Carroll first came on my radar a couple years ago when he debated William Lane Craig during the 2014 Greer Heard Forum. It was a spectacular exchange. The topic was "God and Cosmology: The Existence of God in Light of Contemporary Cosmology", and I thought Carroll handled himself better than any atheist who has ever shared the floor with Craig. (Although, in my view, Craig ably handled Carroll's objections and offered his own solid arguments, which Carroll failed to refute. Watch the debate on YouTube or check out the book based on the event, God and Cosmology: William Lane Craig and Sean Carroll in Dialogue.)
With all that in mind, I was almost as eager as my atheist friends to read Carroll's new book. With a subtitle promising to explore life, meaning, and the universe itself, all from a naturalistic point of view, I was excited to learn about Carroll's "Big Picture."
But after reading the book—two times now—I'm left somewhat disappointed. Why?
The book is too small.
By that, I don't mean physically. At a hefty 470 pages with 50 chapters, it's not suffering for girth. But it's small in the sense of Hamlet's reply to Horatio: "There are more things in heaven and earth, Horatio, than are dreamt of in your philosophy." Carroll believes just the opposite. He thinks there are fewer things, or fewer kinds of things, in heaven and earth (or in objective reality) than in most people's beliefs. Carroll is a reductionist.
This is evident from Carroll's master idea throughout the book, something he calls "poetic naturalism." This is the lens through which he views all other topics. In one sense, poetic naturalism is expansive, at least relative to traditional naturalism. It seeks to expand our understanding of the world by refusing to reduce all knowledge to a small set of fundamental stories (typically the stories told by fundamental physics.) On the other hand, poetic naturalism is still reductive. As a form of naturalism, it precludes any supernatural explanations (or "stories," to use Carroll's language.) Thus, it's a small worldview, albeit a milder reductionism, offering a "small picture" of the world relative to the truly "Big Picture" offered by theism.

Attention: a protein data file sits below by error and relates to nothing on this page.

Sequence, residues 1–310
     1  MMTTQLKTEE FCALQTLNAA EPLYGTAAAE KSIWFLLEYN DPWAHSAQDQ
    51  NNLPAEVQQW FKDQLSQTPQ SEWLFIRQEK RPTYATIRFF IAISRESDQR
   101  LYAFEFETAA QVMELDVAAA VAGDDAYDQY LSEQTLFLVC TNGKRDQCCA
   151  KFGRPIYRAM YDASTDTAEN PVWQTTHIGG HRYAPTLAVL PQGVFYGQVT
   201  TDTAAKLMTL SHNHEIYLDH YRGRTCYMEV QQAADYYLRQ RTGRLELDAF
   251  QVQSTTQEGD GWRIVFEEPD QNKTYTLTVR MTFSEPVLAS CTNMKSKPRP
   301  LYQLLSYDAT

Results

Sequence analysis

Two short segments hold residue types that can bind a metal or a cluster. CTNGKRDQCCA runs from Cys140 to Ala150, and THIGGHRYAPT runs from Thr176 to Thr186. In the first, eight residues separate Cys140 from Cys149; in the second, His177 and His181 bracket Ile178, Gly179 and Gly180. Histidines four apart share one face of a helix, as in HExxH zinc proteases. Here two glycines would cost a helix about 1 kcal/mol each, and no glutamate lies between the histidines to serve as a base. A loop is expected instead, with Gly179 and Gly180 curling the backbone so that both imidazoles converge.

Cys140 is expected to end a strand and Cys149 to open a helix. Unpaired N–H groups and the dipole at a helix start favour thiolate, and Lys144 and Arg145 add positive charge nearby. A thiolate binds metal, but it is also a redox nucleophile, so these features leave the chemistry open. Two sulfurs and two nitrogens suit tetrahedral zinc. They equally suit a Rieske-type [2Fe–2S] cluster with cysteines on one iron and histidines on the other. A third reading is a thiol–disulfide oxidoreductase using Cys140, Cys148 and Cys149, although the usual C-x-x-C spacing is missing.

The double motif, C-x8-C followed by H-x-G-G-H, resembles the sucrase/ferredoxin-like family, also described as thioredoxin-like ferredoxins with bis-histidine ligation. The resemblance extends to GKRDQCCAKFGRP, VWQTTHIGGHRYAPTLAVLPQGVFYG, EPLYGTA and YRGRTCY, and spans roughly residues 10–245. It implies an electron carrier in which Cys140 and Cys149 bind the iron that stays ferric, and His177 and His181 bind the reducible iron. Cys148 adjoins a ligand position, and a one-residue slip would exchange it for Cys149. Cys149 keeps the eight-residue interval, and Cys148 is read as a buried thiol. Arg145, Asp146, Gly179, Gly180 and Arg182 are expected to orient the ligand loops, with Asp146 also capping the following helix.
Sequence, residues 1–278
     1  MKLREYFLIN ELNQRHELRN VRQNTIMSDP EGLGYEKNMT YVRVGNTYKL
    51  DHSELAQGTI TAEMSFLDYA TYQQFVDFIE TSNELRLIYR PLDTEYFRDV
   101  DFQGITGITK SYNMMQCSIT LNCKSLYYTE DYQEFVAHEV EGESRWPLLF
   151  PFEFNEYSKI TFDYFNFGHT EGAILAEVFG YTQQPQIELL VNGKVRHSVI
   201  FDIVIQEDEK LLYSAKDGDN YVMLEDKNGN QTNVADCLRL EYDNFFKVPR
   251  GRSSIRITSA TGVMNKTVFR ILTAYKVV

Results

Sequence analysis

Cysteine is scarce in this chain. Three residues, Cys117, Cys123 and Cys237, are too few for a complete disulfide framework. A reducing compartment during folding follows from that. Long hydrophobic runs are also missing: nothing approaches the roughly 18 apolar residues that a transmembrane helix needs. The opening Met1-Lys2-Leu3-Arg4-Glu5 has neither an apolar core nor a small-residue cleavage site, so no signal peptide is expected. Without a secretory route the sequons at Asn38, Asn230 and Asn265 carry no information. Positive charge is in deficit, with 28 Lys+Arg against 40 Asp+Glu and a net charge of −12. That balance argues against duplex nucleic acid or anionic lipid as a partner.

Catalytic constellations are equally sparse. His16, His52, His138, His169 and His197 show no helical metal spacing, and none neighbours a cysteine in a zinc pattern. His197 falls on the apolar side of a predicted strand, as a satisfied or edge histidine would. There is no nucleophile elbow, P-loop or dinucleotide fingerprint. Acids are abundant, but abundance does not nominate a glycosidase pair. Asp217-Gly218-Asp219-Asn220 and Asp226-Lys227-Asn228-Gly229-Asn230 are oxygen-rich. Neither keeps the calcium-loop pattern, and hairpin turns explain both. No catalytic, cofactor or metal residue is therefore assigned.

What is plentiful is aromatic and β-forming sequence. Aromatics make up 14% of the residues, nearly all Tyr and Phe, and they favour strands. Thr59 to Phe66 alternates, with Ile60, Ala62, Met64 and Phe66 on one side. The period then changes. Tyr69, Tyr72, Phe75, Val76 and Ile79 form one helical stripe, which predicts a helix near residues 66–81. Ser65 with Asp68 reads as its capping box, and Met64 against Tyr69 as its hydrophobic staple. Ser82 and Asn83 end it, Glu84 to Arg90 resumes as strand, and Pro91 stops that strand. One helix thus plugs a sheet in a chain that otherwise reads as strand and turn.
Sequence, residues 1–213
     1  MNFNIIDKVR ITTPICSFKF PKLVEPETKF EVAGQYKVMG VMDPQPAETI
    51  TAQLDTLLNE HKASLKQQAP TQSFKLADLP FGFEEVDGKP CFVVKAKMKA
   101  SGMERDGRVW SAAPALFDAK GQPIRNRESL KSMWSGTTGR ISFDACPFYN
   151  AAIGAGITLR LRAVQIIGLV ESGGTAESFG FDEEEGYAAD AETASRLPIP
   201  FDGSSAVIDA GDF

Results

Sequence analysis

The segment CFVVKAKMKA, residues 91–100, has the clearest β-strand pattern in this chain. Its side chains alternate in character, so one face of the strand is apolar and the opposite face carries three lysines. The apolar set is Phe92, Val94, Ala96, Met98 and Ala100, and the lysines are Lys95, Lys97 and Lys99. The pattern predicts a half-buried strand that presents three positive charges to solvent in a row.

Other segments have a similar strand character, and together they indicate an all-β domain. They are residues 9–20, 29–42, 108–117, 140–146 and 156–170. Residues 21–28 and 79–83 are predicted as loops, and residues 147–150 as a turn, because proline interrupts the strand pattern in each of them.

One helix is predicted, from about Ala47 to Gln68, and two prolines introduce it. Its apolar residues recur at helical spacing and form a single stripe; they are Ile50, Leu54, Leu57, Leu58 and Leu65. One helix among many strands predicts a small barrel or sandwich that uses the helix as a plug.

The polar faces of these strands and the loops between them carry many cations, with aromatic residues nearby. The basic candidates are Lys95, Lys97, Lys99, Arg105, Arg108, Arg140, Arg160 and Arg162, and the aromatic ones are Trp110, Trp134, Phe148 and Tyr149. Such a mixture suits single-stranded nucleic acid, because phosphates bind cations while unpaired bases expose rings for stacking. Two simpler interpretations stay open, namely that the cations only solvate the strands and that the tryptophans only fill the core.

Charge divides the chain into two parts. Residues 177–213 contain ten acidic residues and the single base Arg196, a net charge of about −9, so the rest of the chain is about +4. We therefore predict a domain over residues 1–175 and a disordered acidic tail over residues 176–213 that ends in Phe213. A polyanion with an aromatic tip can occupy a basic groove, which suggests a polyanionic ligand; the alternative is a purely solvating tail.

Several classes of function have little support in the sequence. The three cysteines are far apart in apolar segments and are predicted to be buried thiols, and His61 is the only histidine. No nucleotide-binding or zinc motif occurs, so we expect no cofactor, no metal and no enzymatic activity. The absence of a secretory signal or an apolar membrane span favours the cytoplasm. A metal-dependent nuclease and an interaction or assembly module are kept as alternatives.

With his poetic naturalism framework in mind, Carroll divides The Big Picture into six parts:
- Part 1 - Cosmos (aka cosmology)
- Part 2 - Understanding (aka epistemology)
- Part 3 - Essence (aka ontology)
- Part 4 - Complexity (aka biology/evolution/teleology)
- Part 5 - Thinking (aka consciousness)
- Part 6 - Caring (aka morality)
In the book's Prologue, Carroll notes that he had two goals in writing the book: first to "explain the story of our universe and why we think it's true", second to "offer a bit of existential therapy...to face reality with a smile, and to make our lives into something valuable" (3).
It would take a whole book to fairly engage all the ideas in such a broad-reaching scope, but over the next few weeks I'll review a handful of important sections that should be especially interesting to Strange Notions readers.
Tomorrow we'll begin with Carroll's first chapter on "The Fundamental Nature of Reality" along with a deeper exploration of poetic naturalism. Stay tuned!
(PS. I'm hoping to get Sean here for an #AMA with Strange Notions readers. I know we'd get some great questions and answers. Hopefully we can make that happen!)